Your basket is empty

Categories :

Similar artists

Albums

From
CD$12.99

Jazz - Released January 1, 1990 | Fantasy Records

Distinctions The Qobuz Ideal Discography
The final volume in this very worthy series is a comparatively relaxed affair, a quartet set with tenor saxophonist Ben Webster. Webster lets Tatum fill the background with an infinite number of notes while emphasizing his warm tenor in the forefront on a variety of melodic ballads and standards. The combination works very well. © Scott Yanow /TiVo
From
CD$29.49

Jazz - Released January 1, 1997 | Capitol Records

Previously released as two separate volumes, The Complete Capitol Recordings of Art Tatum is a two-disc collection that presents everything the pianist recorded for Capitol Records in chronlogical order. There's 20 solo sides from 1949 and a 1952 session with a trio of guitarist Everett Barksdale and bassist Slam Stewart. Throughout the collection, Tatum sounds wonderful -- he was a rare player that was extremely technically advanced and also very lyrical. For any Tatum fan, this set is a necessity. © Leo Stanley /TiVo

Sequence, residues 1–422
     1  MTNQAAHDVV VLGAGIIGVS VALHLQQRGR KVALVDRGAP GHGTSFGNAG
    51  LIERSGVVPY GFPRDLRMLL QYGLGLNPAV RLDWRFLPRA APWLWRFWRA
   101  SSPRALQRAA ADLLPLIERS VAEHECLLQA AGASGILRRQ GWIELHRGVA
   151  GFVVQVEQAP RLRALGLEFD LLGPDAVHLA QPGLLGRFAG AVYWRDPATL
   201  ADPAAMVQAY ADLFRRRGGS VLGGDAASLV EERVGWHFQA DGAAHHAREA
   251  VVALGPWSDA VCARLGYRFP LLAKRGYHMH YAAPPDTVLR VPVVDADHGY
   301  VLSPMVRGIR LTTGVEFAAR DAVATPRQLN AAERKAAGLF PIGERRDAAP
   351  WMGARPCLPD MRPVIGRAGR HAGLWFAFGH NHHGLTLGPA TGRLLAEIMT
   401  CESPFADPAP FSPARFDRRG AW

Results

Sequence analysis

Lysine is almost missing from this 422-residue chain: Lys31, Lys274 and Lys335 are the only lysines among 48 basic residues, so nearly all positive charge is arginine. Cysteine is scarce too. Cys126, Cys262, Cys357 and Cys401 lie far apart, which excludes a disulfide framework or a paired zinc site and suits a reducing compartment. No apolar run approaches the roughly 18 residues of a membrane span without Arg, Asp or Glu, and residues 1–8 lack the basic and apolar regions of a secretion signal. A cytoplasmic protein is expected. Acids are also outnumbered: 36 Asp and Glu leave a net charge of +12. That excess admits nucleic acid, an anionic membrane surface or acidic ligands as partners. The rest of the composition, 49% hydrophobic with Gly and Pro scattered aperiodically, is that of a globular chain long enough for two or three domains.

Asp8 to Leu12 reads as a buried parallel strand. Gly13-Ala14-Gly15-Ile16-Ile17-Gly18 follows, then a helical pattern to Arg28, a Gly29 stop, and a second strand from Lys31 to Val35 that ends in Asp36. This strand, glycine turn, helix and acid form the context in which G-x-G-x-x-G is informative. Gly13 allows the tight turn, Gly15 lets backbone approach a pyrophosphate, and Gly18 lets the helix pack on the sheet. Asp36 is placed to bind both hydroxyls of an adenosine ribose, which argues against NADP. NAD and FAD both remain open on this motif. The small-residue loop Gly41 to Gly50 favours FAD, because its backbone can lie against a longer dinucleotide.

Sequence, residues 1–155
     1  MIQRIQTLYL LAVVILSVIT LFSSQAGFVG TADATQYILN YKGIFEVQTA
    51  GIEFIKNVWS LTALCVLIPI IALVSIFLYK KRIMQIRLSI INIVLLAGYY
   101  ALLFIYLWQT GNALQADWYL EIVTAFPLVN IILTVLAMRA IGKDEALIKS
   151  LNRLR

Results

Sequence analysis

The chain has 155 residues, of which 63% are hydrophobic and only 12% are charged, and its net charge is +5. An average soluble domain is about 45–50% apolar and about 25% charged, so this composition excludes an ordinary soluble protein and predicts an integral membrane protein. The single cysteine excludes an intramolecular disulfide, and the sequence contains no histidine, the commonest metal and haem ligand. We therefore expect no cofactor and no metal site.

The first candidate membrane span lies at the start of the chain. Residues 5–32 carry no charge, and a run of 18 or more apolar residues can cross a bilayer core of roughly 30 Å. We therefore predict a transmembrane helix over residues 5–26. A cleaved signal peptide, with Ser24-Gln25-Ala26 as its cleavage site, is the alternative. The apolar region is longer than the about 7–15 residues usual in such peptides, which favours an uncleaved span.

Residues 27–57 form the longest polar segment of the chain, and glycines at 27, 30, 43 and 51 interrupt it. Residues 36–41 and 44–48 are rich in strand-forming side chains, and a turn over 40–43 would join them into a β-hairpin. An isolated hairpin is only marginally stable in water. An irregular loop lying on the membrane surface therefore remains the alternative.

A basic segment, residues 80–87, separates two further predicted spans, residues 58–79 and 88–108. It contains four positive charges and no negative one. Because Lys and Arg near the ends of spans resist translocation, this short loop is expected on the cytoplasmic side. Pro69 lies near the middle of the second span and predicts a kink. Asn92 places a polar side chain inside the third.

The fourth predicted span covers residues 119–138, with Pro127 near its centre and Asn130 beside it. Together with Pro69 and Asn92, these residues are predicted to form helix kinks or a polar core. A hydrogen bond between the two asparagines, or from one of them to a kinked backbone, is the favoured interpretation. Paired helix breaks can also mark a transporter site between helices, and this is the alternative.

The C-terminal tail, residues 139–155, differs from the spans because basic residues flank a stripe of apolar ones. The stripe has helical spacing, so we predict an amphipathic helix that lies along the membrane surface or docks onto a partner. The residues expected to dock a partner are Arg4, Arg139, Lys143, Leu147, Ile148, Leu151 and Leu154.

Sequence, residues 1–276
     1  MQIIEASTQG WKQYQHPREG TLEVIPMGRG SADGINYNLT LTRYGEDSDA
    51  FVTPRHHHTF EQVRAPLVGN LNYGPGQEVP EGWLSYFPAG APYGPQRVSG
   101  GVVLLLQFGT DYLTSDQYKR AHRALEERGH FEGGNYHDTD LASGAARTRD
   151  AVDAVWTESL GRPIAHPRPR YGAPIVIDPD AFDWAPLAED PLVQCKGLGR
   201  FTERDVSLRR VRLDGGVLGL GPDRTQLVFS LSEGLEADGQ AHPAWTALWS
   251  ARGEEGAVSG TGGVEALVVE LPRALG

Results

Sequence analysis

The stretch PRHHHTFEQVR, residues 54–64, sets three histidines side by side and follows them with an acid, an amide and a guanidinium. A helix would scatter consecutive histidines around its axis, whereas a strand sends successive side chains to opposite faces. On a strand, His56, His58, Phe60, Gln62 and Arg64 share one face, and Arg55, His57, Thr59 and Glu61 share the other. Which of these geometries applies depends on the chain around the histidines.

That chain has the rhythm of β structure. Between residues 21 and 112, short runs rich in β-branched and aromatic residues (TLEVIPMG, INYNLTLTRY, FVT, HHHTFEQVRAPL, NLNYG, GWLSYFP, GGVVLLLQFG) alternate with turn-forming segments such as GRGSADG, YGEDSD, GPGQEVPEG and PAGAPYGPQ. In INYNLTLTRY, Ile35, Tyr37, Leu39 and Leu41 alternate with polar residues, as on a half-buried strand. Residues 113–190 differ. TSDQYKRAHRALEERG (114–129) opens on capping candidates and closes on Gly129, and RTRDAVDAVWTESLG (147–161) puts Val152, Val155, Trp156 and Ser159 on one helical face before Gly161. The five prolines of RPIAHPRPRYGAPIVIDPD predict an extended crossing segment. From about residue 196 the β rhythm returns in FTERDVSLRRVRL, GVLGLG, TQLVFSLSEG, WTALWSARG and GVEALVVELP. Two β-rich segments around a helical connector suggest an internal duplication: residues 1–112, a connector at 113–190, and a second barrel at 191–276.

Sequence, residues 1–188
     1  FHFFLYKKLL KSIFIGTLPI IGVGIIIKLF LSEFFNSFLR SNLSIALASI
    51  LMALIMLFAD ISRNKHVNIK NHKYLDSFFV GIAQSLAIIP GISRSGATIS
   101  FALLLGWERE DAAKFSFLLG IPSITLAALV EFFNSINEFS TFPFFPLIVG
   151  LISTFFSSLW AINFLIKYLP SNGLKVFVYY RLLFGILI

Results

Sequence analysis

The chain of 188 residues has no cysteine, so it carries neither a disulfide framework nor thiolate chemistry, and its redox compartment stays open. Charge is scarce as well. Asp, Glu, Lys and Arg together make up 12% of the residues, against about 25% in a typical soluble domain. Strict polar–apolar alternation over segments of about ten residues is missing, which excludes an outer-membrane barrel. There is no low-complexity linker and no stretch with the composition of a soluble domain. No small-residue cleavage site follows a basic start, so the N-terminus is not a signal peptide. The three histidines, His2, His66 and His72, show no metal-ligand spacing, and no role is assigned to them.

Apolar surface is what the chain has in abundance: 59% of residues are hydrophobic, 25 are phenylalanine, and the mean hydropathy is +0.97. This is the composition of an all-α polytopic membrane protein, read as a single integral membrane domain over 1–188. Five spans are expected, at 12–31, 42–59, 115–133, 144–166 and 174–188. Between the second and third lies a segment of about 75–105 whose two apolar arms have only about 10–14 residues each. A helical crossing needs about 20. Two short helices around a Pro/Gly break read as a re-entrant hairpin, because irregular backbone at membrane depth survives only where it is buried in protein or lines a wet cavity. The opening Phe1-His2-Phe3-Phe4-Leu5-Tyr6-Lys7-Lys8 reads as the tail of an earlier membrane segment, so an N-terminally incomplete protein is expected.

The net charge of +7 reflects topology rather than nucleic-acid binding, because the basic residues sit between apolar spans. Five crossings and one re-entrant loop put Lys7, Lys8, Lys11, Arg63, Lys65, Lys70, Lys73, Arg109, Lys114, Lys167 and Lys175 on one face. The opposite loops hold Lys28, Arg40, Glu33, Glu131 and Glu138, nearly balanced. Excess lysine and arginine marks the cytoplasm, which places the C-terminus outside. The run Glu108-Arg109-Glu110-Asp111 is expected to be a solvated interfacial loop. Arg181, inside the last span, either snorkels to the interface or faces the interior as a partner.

From
CD$12.99

Jazz - Released May 4, 1994 | Legacy - Columbia

There are many Art Tatum records available, but this is the one to pull out to amaze friends, particularly with Tatum's wondrous version of "Tiger Rag," during which he sounds like three pianists jamming together. This CD consists of Tatum's first studio session as a leader (which resulted in "Tea for Two," "St. Louis Blues," "Tiger Rag," and "Sophisticated Lady") and a remarkable solo concert performance from the spring of 1949. While "Tiger Rag" dwarfs everything else, the live set is highlighted by a very adventurous, yet seemingly effortless exploration of "Yesterdays," a ridiculously rapid "I Know That You Know," and the hard-cooking "Tatum Pole Boogie." This is an essential set of miraculous music that cannot be praised highly enough. © Scott Yanow /TiVo